My return to campus as a Fellow in the Inspired Leadership Initiative (ILI) allows me to reflect and reexamine, not only thoughts about ND, but my own growth and experience. In today’s episode of my column, I will revisit racism and ultimately, anti-racism.
For many years, and with deep appreciation, I took pride in Fr. Hesburgh’s leadership and service on the Civil Rights Commission. When one considers that the Commission began working in the late 1950s, it really seems like a bold effort, and one that likely would take Theodore M. Hesburgh (TMH) away from campus a fair amount. (Keep in mind that he had only been named President of the University in 1952. He was appointed to the Commission at its inception in 1957 and served as Chair from 1969 to 1972 when he resigned in protest over Nixon’s obstructionism.) A product of the Hesburgh era at Notre Dame, I am familiar with this story: prejudice was strong, overt and present in all aspects of life. Even the Commission was not unaffected – Hesburgh had to seek assistance from President Eisenhower when U.S. military bases refused to provide housing for members because some were Black. We know that Richard Nixon took issue with Hesburgh’s demands that the Civil Rights Act be enforced in U.S. government hiring. After the deaths of John Kennedy and brother Bobby, we applaud President Lyndon B. Johnson who signed the landmark “Civil Rights Act” into law addressing all the major tenants recommended by the Commission: banning discrimination based on race, color, religion, sex and national origin and addressing voting rights, public accommodations, desegregation of public facilities and education, equal employment and nondiscrimination.
My own experience in racial advocacy came during my undergraduate studies here. I channeled my growing sense of right and wrong into learning about apartheid in South Africa. Working with a fellow senior, we examined the University’s policies, especially the investment of the University’s endowment. The thinking at the time was that activism and disinvestment in South Africa would help to bring about a non-violent end to the African apartheid state. We dug into the topic, meeting with the chief investment leader (a Catholic priest) and the Chair of the Trustee’s Investment committee. Many thanks to Fr. David Burrell CSC for being our academic advisor for this work. More thanks to Nelson Mandela who proved that one person could be more consequential than anyone might have thought. In 2020, I learned of a new campus seminar, Professor Dory Mitros Durham’s “Building an Anti-Racist Vocabulary.” It would be conducted virtually and offered to students, faculty, staff and alumni weekly. Durham modeled it on Ibram X. Kendi’s book of the same title. Working from home in Chicago, and conducted over the noon hour, it fit my schedule and interest. I enrolled and quickly was hooked. I should note that Durham piqued my interest both with her guests – the experts whom she hosted each Friday – and her skill as an interviewer. Her “lead-off” experts each semester were of a sort: ND and religious leaders and friends who told a story. In the fall we began with now Cardinal Wilton Gregory; Nikole Hannah-Jones, ’98; and James Goodwin, ’61, publisher of the Tulsa African-American newspaper and student of the Tulsa Race Massacre of 1921. And in the spring, Rev. Bryan Massingale welcomed us back from ND’s extended break. On the one hand, the material we studied leaves no room to deny the policy, legislative and cultural antecedents of structural racism in the US, notably strongest in the last 100 years or so since Reconstruction. Racism is present in housing, access to capital, voting suppression, health and health care and myriad other venues. I encourage all to watch the collection of videos contained on the course website. Each expert also provided three resources for further study including books and other writings, podcasts and the occasional video. Not only was I hooked, but I was profoundly convinced. Ours is a racist society and we are called to action to end that racism and its roots, practices and enablers.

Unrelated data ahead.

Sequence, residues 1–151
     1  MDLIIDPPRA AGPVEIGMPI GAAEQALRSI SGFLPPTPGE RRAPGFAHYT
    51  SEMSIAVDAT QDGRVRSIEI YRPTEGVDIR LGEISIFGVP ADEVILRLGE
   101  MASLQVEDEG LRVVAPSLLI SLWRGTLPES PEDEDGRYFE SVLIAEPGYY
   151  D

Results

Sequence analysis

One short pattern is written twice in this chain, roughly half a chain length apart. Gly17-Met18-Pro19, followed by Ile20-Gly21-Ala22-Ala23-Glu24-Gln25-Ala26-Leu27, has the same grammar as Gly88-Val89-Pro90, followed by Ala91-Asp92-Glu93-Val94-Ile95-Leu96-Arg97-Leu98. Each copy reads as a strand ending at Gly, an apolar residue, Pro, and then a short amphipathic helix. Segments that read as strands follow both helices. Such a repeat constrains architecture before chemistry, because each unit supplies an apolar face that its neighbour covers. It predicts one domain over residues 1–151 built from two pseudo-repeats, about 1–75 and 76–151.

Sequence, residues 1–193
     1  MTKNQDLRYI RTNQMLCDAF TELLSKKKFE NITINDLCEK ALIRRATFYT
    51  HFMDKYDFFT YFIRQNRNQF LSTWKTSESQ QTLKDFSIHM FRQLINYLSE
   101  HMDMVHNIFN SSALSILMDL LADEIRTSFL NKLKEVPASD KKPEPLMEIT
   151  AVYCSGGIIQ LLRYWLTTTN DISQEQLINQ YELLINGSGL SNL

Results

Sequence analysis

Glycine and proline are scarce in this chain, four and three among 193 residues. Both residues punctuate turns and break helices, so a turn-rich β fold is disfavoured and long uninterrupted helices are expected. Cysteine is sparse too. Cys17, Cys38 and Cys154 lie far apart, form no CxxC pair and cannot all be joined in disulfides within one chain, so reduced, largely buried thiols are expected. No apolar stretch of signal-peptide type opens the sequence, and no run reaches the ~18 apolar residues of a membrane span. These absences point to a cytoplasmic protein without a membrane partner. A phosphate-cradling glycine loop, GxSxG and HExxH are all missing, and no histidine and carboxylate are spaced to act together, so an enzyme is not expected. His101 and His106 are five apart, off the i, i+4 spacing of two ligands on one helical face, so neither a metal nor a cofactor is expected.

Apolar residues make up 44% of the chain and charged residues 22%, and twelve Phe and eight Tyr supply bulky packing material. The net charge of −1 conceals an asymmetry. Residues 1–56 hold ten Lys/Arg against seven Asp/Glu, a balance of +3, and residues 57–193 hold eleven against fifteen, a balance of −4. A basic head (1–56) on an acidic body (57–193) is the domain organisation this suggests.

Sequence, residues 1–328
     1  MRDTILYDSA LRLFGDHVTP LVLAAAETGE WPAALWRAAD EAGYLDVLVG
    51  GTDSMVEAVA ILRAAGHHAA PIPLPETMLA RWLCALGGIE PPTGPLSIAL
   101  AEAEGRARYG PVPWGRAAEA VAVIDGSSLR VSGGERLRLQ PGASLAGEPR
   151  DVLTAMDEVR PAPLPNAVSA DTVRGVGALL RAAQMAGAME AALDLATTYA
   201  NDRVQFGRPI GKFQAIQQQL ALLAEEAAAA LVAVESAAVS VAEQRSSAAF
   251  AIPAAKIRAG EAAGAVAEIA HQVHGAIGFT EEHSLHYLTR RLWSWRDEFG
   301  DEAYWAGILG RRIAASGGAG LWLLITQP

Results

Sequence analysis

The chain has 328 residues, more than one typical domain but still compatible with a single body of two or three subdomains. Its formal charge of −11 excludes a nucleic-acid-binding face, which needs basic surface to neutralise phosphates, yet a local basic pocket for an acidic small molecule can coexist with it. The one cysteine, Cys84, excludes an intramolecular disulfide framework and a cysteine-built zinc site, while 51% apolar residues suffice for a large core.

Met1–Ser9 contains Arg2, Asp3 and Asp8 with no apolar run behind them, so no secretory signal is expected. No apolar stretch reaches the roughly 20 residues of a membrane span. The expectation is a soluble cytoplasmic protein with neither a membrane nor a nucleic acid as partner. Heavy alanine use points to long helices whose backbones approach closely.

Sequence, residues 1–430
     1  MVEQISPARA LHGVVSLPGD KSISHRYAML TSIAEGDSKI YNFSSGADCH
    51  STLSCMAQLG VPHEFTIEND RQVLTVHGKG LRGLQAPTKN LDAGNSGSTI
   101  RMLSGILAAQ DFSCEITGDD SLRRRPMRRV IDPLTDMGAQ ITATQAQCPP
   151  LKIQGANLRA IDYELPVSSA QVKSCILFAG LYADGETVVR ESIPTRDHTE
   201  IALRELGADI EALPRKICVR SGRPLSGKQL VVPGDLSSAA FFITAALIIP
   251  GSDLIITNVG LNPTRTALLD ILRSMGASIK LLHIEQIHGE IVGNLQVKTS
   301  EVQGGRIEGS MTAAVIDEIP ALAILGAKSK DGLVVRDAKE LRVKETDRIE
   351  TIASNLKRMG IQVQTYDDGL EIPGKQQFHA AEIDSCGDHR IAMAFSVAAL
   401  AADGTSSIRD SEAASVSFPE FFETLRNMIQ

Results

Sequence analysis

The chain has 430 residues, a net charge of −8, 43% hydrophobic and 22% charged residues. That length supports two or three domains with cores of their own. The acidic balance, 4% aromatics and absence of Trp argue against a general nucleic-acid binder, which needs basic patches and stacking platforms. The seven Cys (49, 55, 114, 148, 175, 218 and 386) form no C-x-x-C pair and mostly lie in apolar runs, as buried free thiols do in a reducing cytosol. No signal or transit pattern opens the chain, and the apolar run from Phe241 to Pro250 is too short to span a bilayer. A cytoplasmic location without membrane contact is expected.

Along the way, I began a regular correspondence with Durham who cautioned me about “American Exceptionalism” when I harkened back to Hesburgh’s leadership. She gave me pause. Was I being naïve or star-stuck by Hesburgh? Then, as I do now, I think not. We, as students and scholars, are called to learning. We must continue our journey of self-improvement. In fact, is that not why I have embarked on the ILI program? Knowing Hesburgh and his constant struggle for learning, I feel confident that were he with us today, he too would challenge us to be our better selves and not complacent in our past.
Mary Ellen Woods is a graduate of the Notre Dame class of 1980. She has returned to campus as a Fellow in the Inspired Leadership Initiative (ILI). As an undergraduate, she lived in Breen-Phillips and now lives off campus. Her columns appear every other Thursday. A longtime resident of Chicago, she can be reached at email@example.com @MEWsmuses on Twitter.
My anti-racist vocabulary
The views expressed in this column are those of the author and not necessarily those of The Observer.